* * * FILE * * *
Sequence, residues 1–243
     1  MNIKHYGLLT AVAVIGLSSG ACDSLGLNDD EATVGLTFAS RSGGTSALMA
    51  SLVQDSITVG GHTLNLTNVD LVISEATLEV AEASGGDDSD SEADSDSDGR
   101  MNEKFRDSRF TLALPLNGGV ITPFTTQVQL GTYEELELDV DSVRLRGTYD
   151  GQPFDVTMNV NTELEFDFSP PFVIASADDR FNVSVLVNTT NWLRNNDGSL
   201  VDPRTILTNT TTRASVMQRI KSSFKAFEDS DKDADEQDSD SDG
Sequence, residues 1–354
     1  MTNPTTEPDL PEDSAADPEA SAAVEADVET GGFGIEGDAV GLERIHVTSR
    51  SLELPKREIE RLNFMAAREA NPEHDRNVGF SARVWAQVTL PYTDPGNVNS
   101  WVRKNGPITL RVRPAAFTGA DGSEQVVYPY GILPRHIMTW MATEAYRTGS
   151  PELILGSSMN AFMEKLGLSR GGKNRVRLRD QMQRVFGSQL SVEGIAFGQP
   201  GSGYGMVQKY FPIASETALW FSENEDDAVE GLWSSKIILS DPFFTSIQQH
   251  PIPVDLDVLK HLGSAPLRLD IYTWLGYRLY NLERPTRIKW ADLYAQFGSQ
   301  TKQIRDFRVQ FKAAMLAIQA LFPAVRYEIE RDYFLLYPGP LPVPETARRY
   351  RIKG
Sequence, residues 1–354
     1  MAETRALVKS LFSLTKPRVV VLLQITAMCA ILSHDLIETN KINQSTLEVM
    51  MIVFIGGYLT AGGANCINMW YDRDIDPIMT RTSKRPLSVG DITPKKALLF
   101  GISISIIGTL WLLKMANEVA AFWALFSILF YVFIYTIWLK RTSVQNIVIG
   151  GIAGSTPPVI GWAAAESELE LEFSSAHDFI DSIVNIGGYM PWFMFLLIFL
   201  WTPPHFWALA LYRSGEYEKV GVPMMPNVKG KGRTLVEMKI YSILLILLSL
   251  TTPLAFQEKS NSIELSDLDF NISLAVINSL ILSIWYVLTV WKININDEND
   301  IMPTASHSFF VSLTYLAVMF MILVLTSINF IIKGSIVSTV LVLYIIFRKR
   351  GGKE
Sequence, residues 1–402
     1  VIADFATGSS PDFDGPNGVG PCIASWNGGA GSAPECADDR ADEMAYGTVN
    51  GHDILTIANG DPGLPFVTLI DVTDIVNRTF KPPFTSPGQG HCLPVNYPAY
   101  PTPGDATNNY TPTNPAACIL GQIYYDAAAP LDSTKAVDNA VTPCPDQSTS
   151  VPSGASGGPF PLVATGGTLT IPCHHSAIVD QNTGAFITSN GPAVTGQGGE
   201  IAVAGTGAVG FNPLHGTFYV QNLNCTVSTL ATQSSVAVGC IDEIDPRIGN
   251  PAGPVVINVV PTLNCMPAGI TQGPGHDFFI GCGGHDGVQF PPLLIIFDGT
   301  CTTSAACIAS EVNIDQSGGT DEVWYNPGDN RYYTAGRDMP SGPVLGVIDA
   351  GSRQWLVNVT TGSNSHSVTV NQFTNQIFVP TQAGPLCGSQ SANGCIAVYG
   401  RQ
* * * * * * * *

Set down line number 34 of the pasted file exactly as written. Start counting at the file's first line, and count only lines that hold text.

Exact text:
   401  RQ